Because of the inherent limitations of internal control over financial reporting, including the possibility of collusion or improper management override of controls, material misstatements due to error or fraud may not be prevented or detected on a timely basis. Also, projections of any evaluation of the effectiveness of the internal control over financial reporting to future periods are subject to the risk that the controls may become inadequate because of changes in conditions, or that the degree of compliance with the policies or procedures may deteriorate.
In our opinion, the Company maintained, in all material respects, effective internal control over financial reporting as of December 31, 2014, based on the criteria established in Internal Control - Integrated Framework (2013) issued by the Committee of Sponsoring Organizations of the Treadway Commission.
We have also audited, in accordance with the standards of the Public Company Accounting Oversight Board (United States), the consolidated financial statements and financial statement schedule as of and for the year ended December 31, 2014 of the Company and our report dated March 30, 2015 expressed an unqualified opinion on those financial statements and financial statement schedule.
/s/ DELOITTE & TOUCHE LLP
San Jose, California
March 30, 2015








F- 2


To the Board of Directors and Stockholders of Omnicell, Inc.
We have audited the accompanying consolidated balance sheets of Omnicell, Inc. as of December 31, 2013, and the related consolidated statements of operations, comprehensive income, stockholders' equity, and cash flows for each of the two years in the period ended December 31, 2013. Our audits also included the financial statement schedule as of December 31, 2013 and 2012 listed in the index at 15(a)(1). These financial statements and schedule are the responsibility of the Company's management. Our responsibility is to express an opinion on these financial statements and schedule based on our audits.
We conducted our audits in accordance with the standards of the Public Company Accounting Oversight Board (United States). Those standards require that we plan and perform the audit to obtain reasonable assurance about whether the financial statements are free of material misstatement. An audit includes examining, on a test basis, evidence supporting the amounts and disclosures in the financial statements. An audit also includes assessing the accounting principles used and significant estimates made by management, as well as evaluating the overall financial statement presentation. We believe that our audits provide a reasonable basis for our opinion.
In our opinion, the financial statements referred to above present fairly, in all material respects, the consolidated financial position of Omnicell, Inc. at December 31, 2013, and the consolidated results of its operations and its cash flows for each of the two years in the period ended December 31, 2013, in conformity with U.S. generally accepted accounting principles. Also, in our opinion, the related financial statement schedule as of December 31, 2013 and 2012, when considered in relation to the basic financial statements as a whole, presents fairly in all material respects the information set forth therein.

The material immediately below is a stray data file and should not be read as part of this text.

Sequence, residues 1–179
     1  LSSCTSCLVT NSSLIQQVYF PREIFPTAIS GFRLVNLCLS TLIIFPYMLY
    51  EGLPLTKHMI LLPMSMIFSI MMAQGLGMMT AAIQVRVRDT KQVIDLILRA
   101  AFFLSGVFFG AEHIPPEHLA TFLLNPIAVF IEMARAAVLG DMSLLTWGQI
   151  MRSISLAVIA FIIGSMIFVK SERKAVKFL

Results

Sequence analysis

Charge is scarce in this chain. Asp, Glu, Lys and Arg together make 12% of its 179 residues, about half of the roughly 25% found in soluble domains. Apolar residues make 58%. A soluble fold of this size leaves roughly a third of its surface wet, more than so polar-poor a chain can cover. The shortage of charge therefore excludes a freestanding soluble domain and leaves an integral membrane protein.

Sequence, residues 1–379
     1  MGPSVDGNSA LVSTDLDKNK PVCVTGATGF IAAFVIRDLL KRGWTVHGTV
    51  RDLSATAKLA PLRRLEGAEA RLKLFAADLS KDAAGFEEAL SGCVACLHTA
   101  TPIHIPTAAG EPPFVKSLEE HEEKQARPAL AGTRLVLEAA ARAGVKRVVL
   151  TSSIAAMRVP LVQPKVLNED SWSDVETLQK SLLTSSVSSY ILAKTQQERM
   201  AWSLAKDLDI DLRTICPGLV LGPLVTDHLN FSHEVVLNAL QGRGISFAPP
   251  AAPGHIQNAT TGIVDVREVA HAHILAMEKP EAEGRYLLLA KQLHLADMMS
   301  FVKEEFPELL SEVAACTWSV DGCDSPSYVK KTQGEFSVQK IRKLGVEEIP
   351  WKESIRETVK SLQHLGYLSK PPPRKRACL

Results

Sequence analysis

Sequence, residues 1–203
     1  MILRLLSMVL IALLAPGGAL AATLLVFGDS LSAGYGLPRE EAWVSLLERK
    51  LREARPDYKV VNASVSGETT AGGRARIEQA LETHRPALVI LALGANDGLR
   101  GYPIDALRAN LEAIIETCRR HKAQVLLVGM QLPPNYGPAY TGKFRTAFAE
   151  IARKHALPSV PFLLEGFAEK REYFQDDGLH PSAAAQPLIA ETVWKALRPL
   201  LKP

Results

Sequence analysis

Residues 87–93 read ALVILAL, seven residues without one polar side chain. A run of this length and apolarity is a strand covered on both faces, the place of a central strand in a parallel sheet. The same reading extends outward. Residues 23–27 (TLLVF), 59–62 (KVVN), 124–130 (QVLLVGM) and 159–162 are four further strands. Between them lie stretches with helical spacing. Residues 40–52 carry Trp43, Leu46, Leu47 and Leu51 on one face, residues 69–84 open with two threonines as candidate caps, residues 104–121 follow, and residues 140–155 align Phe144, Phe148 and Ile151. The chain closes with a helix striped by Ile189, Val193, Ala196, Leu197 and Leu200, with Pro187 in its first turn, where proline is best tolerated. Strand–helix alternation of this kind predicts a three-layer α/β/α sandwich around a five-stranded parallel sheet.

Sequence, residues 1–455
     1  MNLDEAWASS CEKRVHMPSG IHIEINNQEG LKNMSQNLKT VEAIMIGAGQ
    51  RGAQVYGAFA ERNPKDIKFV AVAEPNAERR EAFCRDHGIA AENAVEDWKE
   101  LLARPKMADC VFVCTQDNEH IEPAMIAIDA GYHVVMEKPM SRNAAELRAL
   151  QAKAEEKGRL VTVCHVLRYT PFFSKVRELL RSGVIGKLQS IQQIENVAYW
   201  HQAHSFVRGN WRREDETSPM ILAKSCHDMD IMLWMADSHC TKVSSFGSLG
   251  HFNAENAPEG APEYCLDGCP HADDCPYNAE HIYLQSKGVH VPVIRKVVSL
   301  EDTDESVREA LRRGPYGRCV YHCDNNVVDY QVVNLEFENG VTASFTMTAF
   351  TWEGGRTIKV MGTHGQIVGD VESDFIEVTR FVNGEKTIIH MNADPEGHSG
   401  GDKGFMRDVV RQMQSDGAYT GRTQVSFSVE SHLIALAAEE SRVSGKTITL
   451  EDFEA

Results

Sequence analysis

/s/ Ernst & Young LLP
San Jose, California
March 17, 2014,
except for Note 8 and 17, as to which the date is
March 30, 2015



F- 3


OMNICELL, INC.
CONSOLIDATED BALANCE SHEETS
 
December 31,
2014
 
December 31,
2013
 
(In thousands, except par value)
ASSETS
Current assets:
 
 
 
Cash and cash equivalents
$
125,888

 
$
104,531

Accounts receivable, net of allowances of $1,206 and $490, respectively
82,763

 
58,597

Inventories, net
31,554

 
31,457

Prepaid expenses
23,518

 
18,883

Deferred tax assets
12,446

 
12,635

Other current assets
7,215

 
7,675

Total current assets
283,384

 
233,778

Property and equipment, net
36,178

 
35,254

Long-term net investment in sales-type leases
10,848

 
11,485

Goodwill
122,720

 
111,343

Intangible assets, net
82,667

 
81,602

Long-term deferred tax assets
1,144

 
1,102

Other long-term assets
23,273

 
17,937

Total assets
$
560,214

 
$
492,501

 
 
 
 
LIABILITIES AND STOCKHOLDERS’ EQUITY
Current liabilities:
 
 
 
Accounts payable
$
19,432

 
$
16,471

Accrued compensation
19,874

 
19,604

Accrued liabilities
19,299

 
13,746

Deferred service revenue
25,167

 
22,626

Deferred gross profit
28,558

 
19,957

Total current liabilities
112,330

 
92,404

Long-term deferred service revenue
20,308

 
17,763

Long-term deferred tax liabilities
30,454

 
28,162

Other long-term liabilities
7,024

 
5,175

Total liabilities
170,116

 
143,504

Commitments and contingencies (Notes 12 & 13)


 


Stockholders’ equity:
 
 
 
Common stock, $0.001 par value, 100,000 shares authorized; 43,540 and 41,840 shares issued; 35,816 and 35,004 shares outstanding, respectively
43

 
41

Treasury stock at cost, 7,721 and 6,837 shares outstanding, respectively
(135,053
)
 
(110,962
)
Additional paid-in capital
457,436

 
421,232

Retained earnings
69,033

 
38,515

Accumulated other comprehensive income
(1,361
)
 
171

Total stockholders’ equity
390,098

 
348,997

Total liabilities and stockholders’ equity
$
560,214

 
$
492,501

The accompanying Notes to Consolidated Financial Statements are an integral part of these statements.

F- 4


OMNICELL, INC.
CONSOLIDATED STATEMENTS OF OPERATIONS
 
Year Ended
 
December 31,
2014
 
December 31,
2013
 
December 31,
2012
 
(In thousands, except per share data)
Revenues:
 
 
 
 
 
Product
$
360,344

 
$
307,189

 
$
247,654

Services and other revenues
80,556

 
73,396

 
66,373

Total revenues
440,900

 
380,585

 
314,027

Cost of revenues:


 


 
 
Cost of product revenues
173,419

 
144,997

 
112,369

Cost of services and other revenues
33,621

 
32,189

 
31,070

Total cost of revenues
207,040